Ranjitsinh Devkar*, Jaymesh Thadani, Shridhar Sanghvi, Kiran Lagu and Kavita Shirsath Pages 333 - 339 ( 7 )
Aim: The present study aims to compare the cytoprotective effect of Cuminum cyminum L. (CC) extract and cuminaldehyde (CA) against lipotoxicity induced by oxidized low density lipoprotein (Ox-LDL) in mouse macrophage (RAW 264.7) cells.
i) To assess comparative Cytoprotective potential of CC and CA against Ox-LDL induced cytotoxicity.
ii) To study efficacy of CC and CA in preventing Ox-LDL induced apoptosis.
Methods: Protective effect of CC extract and CA aganist Ox-LDL induced cytotoxicity in RAW 264.7 cells was assessed by MTT assay. DCFDA stain was used to check the generation of ROS followed by analysis of apoptotic genes by quantitative RT-PCR.
Results: CC extract was found to be non-toxic up to 300 μg/ml but CA showed significant toxicity from 50 to 300 μg/ml. Cells treated with Ox-LDL recorded 80 % decrement in cell viability as compared to the control cells. But Ox-LDL+CC treated group accounted for improved cell viability (88 %) which was comparable to that of control. However, Ox-LDL+CA treated cells did not record any improvement in cell viability (19 %). DCF-DA staining revealed that the presence of CC could minimize intracellular oxidative stress but similarly this was persistent in CA supplemented group. Furthermore, mRNA expression of apoptotic genes revealed that Ox-LDL induced upregulation of Bax and downregulation of Bcl-2 genes were not recorded in Ox-LDL+CC treated group.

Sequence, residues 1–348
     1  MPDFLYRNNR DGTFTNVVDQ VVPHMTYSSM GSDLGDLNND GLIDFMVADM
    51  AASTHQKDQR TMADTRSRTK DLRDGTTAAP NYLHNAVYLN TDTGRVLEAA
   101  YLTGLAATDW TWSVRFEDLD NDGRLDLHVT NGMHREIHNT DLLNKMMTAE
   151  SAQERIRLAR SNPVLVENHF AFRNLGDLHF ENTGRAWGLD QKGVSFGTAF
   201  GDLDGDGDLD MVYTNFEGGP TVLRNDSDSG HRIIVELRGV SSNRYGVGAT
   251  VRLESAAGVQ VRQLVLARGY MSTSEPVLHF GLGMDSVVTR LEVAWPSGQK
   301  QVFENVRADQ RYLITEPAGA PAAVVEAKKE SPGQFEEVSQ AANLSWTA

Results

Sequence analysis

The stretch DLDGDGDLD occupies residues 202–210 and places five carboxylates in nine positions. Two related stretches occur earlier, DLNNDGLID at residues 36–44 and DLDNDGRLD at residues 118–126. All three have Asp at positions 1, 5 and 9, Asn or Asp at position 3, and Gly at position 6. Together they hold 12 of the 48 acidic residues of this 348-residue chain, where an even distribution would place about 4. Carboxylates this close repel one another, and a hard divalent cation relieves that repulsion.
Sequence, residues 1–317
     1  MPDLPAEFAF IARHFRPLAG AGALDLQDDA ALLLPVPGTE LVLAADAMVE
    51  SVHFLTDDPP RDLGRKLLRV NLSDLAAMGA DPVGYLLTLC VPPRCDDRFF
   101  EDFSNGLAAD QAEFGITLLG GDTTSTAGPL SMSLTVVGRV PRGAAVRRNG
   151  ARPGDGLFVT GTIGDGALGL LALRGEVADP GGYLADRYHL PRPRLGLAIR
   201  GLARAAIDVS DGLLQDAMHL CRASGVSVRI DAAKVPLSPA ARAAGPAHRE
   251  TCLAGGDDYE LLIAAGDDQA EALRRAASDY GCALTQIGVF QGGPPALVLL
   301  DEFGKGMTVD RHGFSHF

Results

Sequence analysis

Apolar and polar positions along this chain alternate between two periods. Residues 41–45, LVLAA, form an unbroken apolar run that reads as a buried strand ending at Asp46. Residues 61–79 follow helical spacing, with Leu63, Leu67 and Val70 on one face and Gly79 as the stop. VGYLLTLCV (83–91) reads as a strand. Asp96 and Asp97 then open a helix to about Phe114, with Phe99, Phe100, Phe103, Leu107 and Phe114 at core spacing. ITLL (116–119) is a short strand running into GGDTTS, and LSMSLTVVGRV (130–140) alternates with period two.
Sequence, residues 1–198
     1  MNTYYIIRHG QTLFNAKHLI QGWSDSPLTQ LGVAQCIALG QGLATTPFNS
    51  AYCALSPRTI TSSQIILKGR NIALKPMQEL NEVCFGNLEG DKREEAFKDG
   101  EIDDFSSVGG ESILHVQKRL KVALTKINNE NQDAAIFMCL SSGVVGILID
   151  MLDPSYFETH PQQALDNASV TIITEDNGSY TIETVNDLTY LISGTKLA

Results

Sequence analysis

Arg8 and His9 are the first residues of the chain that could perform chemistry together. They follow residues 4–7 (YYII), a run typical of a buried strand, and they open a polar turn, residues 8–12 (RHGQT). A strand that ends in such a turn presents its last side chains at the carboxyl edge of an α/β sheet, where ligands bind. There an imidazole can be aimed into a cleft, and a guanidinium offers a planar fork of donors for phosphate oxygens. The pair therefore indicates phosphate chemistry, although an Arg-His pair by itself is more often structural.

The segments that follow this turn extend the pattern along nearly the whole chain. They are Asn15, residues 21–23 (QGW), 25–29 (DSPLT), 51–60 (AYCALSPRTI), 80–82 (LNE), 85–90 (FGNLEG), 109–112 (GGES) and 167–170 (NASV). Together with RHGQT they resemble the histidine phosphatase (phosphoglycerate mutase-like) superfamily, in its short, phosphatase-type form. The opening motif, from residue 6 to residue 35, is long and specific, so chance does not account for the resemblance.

Conclusion: It can be concluded that CC extract efficiently prevented Ox-LDL induced lipotoxicity and apoptosis and has an anti-atherosclerotic potential. The failure of CA emphasizes the importance of naturally occurring polyherbal formulations over pure compounds in imparting bioactivity and for therapeutic applications.
Cuminum cyminum L., Cuminaldehyde, LDL oxidation, macrophage, apoptosis, oxidative stress.
Division of Phytotherapeutics and Endocrinology, Department of Zoology, Faculty of Science, The Maharaja Sayajirao University of Baroda, Vadodara – 390002, Gujarat, Division of Phytotherapeutics and Endocrinology, Department of Zoology, Faculty of Science, The Maharaja Sayajirao University of Baroda, Vadodara – 390002, Gujarat, Department of Biochemistry and Molecular Biology, Drexel University College of Medicine, Philadelphia, PA 19102, Formulation Development, Alvogen, 10B, Bloomfield Avenue, Pine Brook, NJ, Division of Phytotherapeutics and Endocrinology, Department of Zoology, Faculty of Science, The Maharaja Sayajirao University of Baroda, Vadodara – 390002, Gujarat